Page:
Review Article

HLA Profile and Clinical Presentation of Multiple Sclerosis in Iran

H. Kalanie, G.R. Shamsai

Iranian Journal of Child Neurology, Vol. 2 No. 1 (2007), , Page 7-11

Multiple sclerosis (MS) is a demyelinating disease of the central nervous system,with unknown etiology in which both genetic and environmental factors are thought to be involved. The HLA system provides a set of genetic markers which lend themselves to systematic study. The disease also has variable clinical manifestations, ranging from a relapsing-remitting course to a chronic progressive disease.

In this article we review HLA profile and clinical presentation of the disease from current available data in Iran.

Research Article


The aim of this study was to identify the best criteria for diagnosis of migraine in our pediatric population.

Materials and Methods

A total of 85 children aged below 15 years who had been referred to the Neurology Clinic of Al-Zahra Hospital with headache as their chief complaint, were enrolled. Validated questionnaires were completed by them. The patients were evaluated using five sets of diagnostic criteria including the Vahlquist, the Prensky, the International Headache Society (IHS), the IHS-Revised (IHS-R), and the Maytal criteria; the sensitivity of each set of criteria was assessed.


Of the 85 children, clinically diagnosed as having migraine, 61 (72%), 73 (86%), 75 (88%), 76 (89.5%), and 76 (89.5%) met the criteria of IHS, Vahlquist, Prensky, IHS-R, and Maytal, respectively. Both the IHS-R and Maytal criteria had the highest, while the IHS criteria had the lowest sensitivity. Fifty-four children (63.5%) were positive for all five sets of criteria. The application of IHS criteria for diagnosing pediatric migraine led to a smaller percentage of children with migraine being identified.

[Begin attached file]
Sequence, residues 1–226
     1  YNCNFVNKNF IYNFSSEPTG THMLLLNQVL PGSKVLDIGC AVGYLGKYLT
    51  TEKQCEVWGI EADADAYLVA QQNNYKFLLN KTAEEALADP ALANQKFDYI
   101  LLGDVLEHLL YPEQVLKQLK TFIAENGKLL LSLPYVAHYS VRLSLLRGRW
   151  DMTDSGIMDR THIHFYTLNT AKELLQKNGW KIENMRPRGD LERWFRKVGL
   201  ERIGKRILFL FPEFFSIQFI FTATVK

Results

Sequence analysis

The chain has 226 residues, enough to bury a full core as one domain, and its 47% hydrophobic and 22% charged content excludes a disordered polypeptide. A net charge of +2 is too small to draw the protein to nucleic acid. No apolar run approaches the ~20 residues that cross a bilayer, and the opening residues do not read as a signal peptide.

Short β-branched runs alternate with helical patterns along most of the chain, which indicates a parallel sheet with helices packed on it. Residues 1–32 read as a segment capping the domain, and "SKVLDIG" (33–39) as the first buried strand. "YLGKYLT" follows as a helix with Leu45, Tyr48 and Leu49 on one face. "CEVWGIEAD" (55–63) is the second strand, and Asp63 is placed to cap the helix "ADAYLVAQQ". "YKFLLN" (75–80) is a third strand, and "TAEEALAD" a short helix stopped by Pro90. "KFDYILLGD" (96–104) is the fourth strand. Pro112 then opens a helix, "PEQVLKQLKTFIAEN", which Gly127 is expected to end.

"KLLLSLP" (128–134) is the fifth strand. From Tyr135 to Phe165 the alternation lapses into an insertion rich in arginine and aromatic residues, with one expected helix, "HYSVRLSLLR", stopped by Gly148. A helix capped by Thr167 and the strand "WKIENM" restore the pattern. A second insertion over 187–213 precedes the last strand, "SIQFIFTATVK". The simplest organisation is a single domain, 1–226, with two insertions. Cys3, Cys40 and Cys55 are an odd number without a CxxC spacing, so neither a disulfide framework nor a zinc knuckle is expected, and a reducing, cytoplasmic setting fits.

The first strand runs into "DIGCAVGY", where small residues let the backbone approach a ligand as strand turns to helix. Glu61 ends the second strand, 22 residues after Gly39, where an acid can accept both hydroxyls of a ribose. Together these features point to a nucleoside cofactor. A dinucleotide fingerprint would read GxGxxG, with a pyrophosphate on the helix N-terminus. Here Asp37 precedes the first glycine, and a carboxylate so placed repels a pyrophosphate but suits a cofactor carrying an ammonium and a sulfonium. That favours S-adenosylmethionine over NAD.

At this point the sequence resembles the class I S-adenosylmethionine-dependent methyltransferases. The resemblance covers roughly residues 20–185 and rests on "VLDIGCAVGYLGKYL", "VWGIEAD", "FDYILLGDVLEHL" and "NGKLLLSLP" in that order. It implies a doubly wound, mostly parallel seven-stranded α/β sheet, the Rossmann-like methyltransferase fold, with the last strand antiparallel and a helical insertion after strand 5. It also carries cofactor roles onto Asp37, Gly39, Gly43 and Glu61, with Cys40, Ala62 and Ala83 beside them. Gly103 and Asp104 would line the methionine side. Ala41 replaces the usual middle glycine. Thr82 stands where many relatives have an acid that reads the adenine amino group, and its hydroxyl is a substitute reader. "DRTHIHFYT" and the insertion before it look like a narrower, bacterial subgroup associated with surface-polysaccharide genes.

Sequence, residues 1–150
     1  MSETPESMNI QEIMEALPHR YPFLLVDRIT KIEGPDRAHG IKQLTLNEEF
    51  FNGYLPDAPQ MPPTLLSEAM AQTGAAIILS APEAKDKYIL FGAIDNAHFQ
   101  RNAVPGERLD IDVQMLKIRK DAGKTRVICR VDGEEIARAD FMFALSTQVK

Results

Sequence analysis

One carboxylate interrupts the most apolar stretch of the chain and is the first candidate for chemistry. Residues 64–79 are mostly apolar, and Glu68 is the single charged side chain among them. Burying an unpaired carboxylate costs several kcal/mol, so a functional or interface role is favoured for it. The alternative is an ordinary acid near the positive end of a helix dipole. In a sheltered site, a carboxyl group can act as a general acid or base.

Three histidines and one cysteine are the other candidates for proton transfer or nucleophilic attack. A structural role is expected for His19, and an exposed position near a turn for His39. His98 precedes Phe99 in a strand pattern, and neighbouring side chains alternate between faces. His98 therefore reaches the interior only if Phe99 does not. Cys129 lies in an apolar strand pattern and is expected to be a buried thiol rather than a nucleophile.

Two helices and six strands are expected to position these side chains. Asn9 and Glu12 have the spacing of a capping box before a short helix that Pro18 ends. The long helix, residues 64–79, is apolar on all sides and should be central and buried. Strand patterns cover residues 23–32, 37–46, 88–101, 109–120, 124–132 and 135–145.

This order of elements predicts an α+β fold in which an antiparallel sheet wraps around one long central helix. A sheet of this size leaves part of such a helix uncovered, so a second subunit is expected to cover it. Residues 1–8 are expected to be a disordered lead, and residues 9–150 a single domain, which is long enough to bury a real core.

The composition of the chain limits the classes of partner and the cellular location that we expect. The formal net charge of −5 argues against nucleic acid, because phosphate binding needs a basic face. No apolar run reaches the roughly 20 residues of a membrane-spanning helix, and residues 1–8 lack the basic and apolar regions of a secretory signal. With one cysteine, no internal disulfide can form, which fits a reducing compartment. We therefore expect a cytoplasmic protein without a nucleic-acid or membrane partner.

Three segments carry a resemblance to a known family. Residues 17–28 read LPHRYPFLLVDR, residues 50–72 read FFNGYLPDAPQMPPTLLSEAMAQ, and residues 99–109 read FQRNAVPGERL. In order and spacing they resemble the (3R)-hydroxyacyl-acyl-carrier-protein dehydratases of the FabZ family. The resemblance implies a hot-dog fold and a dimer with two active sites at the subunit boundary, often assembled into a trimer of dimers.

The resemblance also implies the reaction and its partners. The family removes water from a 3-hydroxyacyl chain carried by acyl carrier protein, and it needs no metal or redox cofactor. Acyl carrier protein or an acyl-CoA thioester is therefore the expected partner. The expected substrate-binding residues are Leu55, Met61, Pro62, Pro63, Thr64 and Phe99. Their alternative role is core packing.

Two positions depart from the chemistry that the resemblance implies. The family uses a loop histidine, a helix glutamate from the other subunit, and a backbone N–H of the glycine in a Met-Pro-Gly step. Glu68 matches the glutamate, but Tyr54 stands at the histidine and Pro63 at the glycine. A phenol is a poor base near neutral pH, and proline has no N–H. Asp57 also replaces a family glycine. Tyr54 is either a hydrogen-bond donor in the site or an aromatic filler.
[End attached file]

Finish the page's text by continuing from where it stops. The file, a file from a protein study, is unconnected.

Assessment of the sensitivity of the five sets of criteria for the diagnosis of migraine revealed the inadequacies and limitations of the IHS criteria in the diagnosis of pediatric migraine.

Status Epilepticus: Etiology, Outcome and Predictors of Mortality

A. Moayedi, A. Atashabparvar, E. Eftekhari

Iranian Journal of Child Neurology, Vol. 2 No. 1 (2007), , Page 19-23


This study was designed to determine the etiology of status epilepticus (SE) andits relation to mortality.

Materials and Methods

This descriptive study was carried out based on the medical records of 40 patients with diagnosis of SE discharged from pediatric hospital of Bandar Abbas between March 2002 and March 2004. Multivariant analysis was pereformed to determine the prevalence of the disorder and the relation between SE and other factors such as gender, age, response to treatment, and mortality. We classified the etiology according to international league against epilepsy (ILAE) classification and also uses another classification regarding underlying causes such as fever (non-CNS infection), central nervous system infection, hypoxia, and metabolic causes.


Status epilepticus was responsible for 0.3% of all hospital  dmissions during the study period. Based on the ILAE classification, frequencies for acute symptomatic, febrile, progressive encephalopathic, remote, and cryptogenic SE were 42.5%, 32.5%, 10%, 7.5%, and 7.5%, respectively.

The most common underlying causes resulting in SE were fever (45%), metabolic disorders (15%), CNS infection (12.5%), chronic neurologic diseases (7.5%), idiopathic (7.5%), hypoxia (5%), drug withdrawal (2.5%), CNS hemorrhage (2.5%), neurodegenerative disease (2.5%), brain abscess (2.5%), and post DPT (Diphteria,Pertusis,Tetanus) vaccination (2.5%). Mortality rate was 25% (80% in the patients younger than 5 years and 40% in those aged less than 1 year). Occurrence of SE and its mortality was found to be related to age (p< 0.05).